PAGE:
Robotium is another test automation framework explicitly targeted for Android. It supports testing for both native and hybrid Android apps. It eases the tasks of writing powerful black box UI tests for Android applications. It is similar to Selenium, but is exclusive to Android. It integrates smoothly with Maven, Gradle or Ant to support running tests as a part of Continuous Integration. These tests can be executed on an Android emulator as well as on real Android devices. One aspect to note is that Robotium tests can only run on one device at a time. This means you cannot run one test against a host of devices, which can make scaling difficult. You can develop a Robotium test suite from Android Studio or Eclipse.
Robotium was founded and developed by Renas Reda and was released in January 2010. It is currently at version 5.6.3.
Selendroid is another mobile test automation framework for Android. It can be used to test a native Android app, a hybrid app, or a mobile web app. Here, tests are written in Selenium 2 Client API. It can be used on Android emulators and real devices. A significant benefit of Selendroid is that it can be added as a node into the Selenium Grid for scaling and parallel testing. It is fully compatible with JSON Wire Protocol, and can handle gestures and interact with multiple Android devices at the same time. The current stable version of Selendroid is 0.17.0.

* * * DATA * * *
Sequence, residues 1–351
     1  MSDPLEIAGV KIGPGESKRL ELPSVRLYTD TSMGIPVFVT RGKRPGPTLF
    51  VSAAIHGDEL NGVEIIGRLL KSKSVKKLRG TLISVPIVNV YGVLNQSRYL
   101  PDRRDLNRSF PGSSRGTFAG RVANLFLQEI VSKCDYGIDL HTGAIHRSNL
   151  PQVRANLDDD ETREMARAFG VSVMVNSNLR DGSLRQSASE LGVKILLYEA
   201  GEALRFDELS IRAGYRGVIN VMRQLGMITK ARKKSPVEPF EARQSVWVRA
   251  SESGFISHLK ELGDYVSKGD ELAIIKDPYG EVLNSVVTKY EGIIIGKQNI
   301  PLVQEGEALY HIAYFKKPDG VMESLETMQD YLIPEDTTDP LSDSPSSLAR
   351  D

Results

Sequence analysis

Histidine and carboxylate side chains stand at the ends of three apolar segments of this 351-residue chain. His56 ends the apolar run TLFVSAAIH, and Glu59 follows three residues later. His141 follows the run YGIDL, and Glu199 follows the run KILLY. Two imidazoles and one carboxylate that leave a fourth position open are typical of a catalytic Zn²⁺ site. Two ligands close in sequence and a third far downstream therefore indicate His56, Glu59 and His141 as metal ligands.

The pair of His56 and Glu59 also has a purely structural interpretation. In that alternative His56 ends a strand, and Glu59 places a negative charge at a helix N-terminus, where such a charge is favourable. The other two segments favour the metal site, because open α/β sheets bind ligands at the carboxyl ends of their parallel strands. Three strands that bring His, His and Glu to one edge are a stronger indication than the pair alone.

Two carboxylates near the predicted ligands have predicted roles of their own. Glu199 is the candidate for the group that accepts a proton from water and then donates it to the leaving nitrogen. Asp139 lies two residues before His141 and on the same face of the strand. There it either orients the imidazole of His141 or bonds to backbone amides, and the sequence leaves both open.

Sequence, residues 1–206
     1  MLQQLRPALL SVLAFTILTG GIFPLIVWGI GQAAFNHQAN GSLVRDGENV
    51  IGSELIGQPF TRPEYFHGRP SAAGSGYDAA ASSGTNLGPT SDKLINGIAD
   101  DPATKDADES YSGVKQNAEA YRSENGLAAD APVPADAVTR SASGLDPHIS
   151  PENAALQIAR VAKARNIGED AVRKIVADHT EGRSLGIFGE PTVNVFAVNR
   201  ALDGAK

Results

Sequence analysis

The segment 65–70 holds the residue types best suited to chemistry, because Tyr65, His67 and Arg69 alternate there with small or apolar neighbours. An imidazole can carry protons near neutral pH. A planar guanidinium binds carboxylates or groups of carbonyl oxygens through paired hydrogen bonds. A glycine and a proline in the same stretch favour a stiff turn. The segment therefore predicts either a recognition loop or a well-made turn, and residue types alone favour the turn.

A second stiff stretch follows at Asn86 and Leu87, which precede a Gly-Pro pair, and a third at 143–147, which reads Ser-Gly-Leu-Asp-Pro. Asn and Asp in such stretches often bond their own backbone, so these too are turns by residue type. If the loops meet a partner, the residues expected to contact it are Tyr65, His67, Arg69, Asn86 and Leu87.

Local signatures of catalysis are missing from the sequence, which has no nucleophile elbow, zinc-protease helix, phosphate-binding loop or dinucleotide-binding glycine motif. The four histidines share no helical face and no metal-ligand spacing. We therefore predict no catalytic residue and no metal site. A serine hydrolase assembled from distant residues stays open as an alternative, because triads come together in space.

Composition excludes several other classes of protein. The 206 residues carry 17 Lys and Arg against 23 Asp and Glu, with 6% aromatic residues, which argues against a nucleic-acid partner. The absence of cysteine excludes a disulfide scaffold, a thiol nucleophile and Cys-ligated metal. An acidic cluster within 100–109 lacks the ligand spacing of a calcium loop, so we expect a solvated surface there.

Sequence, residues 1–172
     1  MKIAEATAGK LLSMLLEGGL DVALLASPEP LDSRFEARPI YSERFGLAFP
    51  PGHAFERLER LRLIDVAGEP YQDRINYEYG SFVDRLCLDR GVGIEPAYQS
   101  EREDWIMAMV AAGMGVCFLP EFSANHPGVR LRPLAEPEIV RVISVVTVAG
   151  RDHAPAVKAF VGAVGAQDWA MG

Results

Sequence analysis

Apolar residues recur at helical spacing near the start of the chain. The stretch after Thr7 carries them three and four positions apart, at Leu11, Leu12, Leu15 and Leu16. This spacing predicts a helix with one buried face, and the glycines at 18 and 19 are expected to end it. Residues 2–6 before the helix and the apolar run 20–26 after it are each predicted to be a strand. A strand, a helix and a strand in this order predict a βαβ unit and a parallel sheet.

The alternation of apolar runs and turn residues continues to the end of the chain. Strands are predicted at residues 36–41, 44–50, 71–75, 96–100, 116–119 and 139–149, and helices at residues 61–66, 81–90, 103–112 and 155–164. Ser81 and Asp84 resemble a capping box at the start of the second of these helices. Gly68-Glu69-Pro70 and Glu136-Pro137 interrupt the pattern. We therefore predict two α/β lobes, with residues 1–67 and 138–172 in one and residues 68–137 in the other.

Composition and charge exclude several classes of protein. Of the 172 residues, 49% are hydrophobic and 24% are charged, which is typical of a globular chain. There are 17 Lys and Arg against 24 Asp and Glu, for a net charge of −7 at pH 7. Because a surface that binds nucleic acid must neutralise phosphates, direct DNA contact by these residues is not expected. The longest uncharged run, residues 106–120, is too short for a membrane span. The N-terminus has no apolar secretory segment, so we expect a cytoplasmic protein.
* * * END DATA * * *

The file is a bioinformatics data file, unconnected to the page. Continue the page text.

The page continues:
Check out how to get started with Selendroid here.
Calabash is a Behavior-Driven Development (BDD) test automation framework. It can be used to create and execute automated acceptance tests both for Android and iOS. It is cross-platform, open source and free. It is executable on mobile devices and consists of libraries that enable test code to interact programmatically with native and hybrid apps. This functionality requires Ruby to be running on the machine. It is developed and maintained by Xamarin and can be run on Xamarin Test Cloud. It also supports Cucumber. It can be used with any Ruby-based test framework. Calabash is currently at version 0.5.4.
Check out getting started with Calabash here.
[bctt tweet="Find out how mobile automation testing shines in the mobile app development world." username="3PillarGlobal"]
Creating mobile automation tests using the tools mentioned here is just the first part of the mobile automation testing activity. Once we have the mobile automation tests, we need to execute them on Android emulators, iOS simulators, or actual devices.